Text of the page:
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Meralco, QPPL and expensive solar-wind

In the ongoing woke culture, demonizing fossil fuels and some big corporations while glorifying big government intervention are very common. The lobby against fossil fuels (oil, coal, gas) is based on a confused and irrational belief that fossil fuels, especially coal, cause less rain and more rain, less floods and more floods, less cold and more cold. The lobby against some big corporations is driven by envy and the socialist dream of forced equality.

For many years now there have been sustained attacks against coal power in the country and the world. Then, in recent months, these attacks targeted new and proposed 3,000+ MW coal power contracts by Meralco, the biggest electricity distributor in the Philippines.

Last week, it became an even more focused attack on Meralco by using its Power Purchase Agreement (PPA) with the coal plant Quezon Power Phils. Ltd. Co. (QPPL). The attacks came from the Bayan Muna (BM, which I sometimes call Bayaan Mo Na) Party-list in Congress.

Among the accusations they hauled against Meralco-QPPL are: 1.) overcharging of P2.53/kwh or P4B from January to September 2020; 2.) implying that the PPA is recent and not approved by the Energy Regulatory Commission (ERC); and, 3.) that Meralco is self-dealing and getting its power supply from the gencos it controls. QPPL owner Electricity Generating Public Co. Ltd. (EGCO) of Thailand is a partner of Meralco in San Buenaventura Power Ltd. Co. (SBPLC), another coal plant.

I got interested in these accusations so I checked some numbers, particularly Meralco’s composite generation charge from its various power plant suppliers, using the latest data from the November 2020 billing then going backwards every six months until November 2017. Here is what I discovered.

One, the QPPL share is only about 9% of Meralco’s total power purchase. Two, while QPPL prices are generally higher than the Wholesale Electricity Spot Market (WESM) prices and overall generation charge, there are months and years where QPPL’s prices are lower, like in May 2018 and May 2019. Three, despite big oil-coal tax hikes under the Tax Reform for Acceleration and Inclusion (TRAIN) law of 2017 that pushed upwards the cost of oil-based and coal plants, the generation charge has been declining in 2019 and 2020 (see Table 1).

Meralco’s biggest PPAs are the First Gen Power Corp. (FGPC) Sta. Rita and San Lorenzo plants in Batangas. These two plants alone supply about 33% or one third of the total power purchase by Meralco.

So the BM “study” is twisted to produce two false assertions.

One, that there is overcharging because the PPA of QPPL-Meralco is a sweetheart deal — wrong. The PPA was approved by the Energy Regulatory Board (ERB), the precursor of ERC, way back in 1995 or even before the EPIRA (Electric Power Industry Reform Act) of 2001. No PPA or power supply agreement (PSA) by Meralco and all other private distribution utilities, past and present, can proceed without public hearings and ERC approval.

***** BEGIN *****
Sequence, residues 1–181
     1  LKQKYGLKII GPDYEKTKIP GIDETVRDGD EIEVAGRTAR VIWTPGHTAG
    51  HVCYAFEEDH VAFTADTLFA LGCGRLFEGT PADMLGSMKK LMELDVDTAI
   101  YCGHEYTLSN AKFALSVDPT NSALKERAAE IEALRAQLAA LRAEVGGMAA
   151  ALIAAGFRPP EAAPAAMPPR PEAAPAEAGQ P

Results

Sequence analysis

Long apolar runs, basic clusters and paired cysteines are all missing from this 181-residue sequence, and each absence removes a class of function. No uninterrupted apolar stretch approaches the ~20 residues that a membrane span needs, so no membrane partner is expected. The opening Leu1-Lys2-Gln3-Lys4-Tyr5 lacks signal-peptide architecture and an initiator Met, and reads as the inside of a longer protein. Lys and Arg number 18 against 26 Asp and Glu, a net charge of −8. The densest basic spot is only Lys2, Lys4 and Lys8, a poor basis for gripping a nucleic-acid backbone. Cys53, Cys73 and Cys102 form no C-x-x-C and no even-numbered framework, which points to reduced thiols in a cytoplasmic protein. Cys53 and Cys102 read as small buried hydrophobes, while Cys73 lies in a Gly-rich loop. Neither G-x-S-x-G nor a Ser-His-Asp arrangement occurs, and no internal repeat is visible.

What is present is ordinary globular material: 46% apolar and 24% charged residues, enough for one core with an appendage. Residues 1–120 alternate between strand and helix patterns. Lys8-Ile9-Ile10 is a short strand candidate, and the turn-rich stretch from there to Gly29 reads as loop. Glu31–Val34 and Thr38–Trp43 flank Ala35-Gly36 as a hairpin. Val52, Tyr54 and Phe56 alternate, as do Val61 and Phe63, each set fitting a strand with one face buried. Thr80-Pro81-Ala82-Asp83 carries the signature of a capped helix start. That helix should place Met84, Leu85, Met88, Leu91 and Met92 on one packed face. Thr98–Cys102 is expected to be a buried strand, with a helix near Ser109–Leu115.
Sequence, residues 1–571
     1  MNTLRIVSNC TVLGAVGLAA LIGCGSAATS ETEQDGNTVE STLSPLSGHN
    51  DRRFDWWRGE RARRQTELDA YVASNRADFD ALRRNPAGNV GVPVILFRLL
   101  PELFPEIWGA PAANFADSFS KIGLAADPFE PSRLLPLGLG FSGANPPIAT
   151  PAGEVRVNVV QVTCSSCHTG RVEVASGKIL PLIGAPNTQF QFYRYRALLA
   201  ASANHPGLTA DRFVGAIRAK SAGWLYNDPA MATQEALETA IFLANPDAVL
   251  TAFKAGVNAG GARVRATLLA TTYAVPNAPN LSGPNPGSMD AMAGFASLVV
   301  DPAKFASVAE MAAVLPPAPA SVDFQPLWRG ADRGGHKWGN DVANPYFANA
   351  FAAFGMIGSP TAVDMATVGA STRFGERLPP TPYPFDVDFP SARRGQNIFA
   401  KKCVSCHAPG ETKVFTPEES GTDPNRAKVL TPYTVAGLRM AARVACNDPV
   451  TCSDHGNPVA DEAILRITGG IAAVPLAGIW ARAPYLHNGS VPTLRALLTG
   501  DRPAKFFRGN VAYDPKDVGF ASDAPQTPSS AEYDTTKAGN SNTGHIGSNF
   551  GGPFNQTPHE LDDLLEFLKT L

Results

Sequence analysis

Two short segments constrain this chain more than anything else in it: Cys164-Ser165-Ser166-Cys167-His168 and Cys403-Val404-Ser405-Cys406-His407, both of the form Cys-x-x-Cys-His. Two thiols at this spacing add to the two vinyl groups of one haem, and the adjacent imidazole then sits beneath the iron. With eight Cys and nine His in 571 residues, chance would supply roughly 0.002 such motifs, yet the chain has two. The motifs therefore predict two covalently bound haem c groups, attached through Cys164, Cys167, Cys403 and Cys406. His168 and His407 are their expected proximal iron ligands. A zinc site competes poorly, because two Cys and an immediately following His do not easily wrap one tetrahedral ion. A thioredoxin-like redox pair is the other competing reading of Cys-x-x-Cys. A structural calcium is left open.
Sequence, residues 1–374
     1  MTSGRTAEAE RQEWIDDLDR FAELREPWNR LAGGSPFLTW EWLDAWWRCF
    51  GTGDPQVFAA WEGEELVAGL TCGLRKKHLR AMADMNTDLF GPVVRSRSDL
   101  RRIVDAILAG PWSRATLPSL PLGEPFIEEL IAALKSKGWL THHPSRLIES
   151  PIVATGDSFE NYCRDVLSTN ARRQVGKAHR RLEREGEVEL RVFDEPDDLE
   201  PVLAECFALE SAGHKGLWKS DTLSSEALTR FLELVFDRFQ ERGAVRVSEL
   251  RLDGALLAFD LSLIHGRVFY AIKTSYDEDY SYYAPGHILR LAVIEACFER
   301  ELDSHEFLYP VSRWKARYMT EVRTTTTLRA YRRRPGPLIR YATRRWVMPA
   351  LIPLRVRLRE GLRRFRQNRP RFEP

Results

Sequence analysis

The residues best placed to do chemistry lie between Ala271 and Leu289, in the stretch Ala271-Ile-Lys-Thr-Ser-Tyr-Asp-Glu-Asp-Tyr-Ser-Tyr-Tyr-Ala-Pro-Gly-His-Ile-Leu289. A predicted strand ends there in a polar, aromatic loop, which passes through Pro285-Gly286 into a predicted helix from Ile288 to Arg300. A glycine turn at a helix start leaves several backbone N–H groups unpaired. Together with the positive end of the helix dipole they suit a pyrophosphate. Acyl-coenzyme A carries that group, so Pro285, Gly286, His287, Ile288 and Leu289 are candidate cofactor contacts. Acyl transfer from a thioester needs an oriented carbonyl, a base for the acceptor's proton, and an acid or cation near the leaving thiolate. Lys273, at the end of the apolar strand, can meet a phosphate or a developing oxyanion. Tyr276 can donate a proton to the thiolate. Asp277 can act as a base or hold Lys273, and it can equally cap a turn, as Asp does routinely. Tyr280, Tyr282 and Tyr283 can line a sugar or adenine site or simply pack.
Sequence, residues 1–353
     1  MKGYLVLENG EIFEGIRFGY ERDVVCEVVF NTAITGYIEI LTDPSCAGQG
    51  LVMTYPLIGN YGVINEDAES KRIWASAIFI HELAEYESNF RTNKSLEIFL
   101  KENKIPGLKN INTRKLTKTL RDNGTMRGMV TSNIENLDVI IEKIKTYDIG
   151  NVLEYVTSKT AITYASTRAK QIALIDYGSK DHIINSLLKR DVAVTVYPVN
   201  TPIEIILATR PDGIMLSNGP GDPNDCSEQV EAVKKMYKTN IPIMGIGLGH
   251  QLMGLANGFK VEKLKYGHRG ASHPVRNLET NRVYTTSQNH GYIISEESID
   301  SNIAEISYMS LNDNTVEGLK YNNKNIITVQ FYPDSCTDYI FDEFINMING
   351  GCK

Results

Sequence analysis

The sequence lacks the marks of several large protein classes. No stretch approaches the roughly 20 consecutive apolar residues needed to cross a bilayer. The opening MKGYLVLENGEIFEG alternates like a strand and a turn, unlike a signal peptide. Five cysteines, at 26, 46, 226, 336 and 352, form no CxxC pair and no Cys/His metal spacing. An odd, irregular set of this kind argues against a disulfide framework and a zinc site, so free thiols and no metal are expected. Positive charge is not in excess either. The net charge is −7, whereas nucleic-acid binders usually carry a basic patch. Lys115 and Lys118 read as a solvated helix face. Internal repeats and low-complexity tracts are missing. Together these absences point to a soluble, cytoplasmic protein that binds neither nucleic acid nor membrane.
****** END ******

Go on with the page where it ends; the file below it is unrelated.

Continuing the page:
Two, that QPPL is an indirect affiliate of Meralco and there is self-dealing — wrong. QPPL is 100% owned by Thailand’s Electricity Generating Public Co. Ltd.

The anti-coal, pro-renewable energy lobby still denies that solar-wind is “viable” only because of huge subsidies that are passed on to the consumers. Countries with the highest electricity prices in the world — Germany and Denmark — as shown in the Strom-Report 2020, also have the highest concentration of wind and solar generation (see Table 2).

Bulgaria does not believe in solar-wind mis-promises — its power generation largely comes from coal (in 2019, 0.21 Exajoules EJ or 58.3 TWH) and nuclear (16.6 TWH). And Bulgaria has the cheapest electricity in Europe.

During the BusinessWorld Economic Forum last week, attracting more investments including those that are exiting China was among the topics discussed. It was partly mentioned by National Economic and Development Authority Secretary Karl Chua and ADB’s Philippines Country Representative Kelly Bird.

Vietnam fully understands the value of high power supply from cheap and reliable sources. When it comes to power generation, Vietnam (producing 57.9 TWH) overtook the Philippines in 2006, it overtook Malaysia in 2015 (producing 157.9 TWH), and it overtook Thailand in 2017 (producing 191.6 TWH). And in 2019, Vietnam’s coal consumption of 2.07 EJ was nearly three times that of the Philippines’ 0.73 EJ.

Many self-styled greenie and socialist-leaning organizations like BM are inconsistent in their anti-fossil fuel lobby because they only demonize coal plants, but not gas plants or even diesel plants. It seems that the game plan here is to kill only new big coal plants so that gas plants — which will soon rely on imported LNG when Malampaya gas becomes depleted — will be given priority in the PPAs and PSAs of distribution utilities.

Complementary to rising power supply capacity should be transmission system expansion. Power generation has been deregulated and demonopolized, power distribution also demonopolized via retail competition and open access (RCOA) and many competing retail electricity suppliers (RES). Power transmission remains the only national monopoly, the biggest elephant in the room and where the biggest inefficiencies are hiding.


Bienvenido S. Oplas, Jr. is the president of Minimal Government Thinkers

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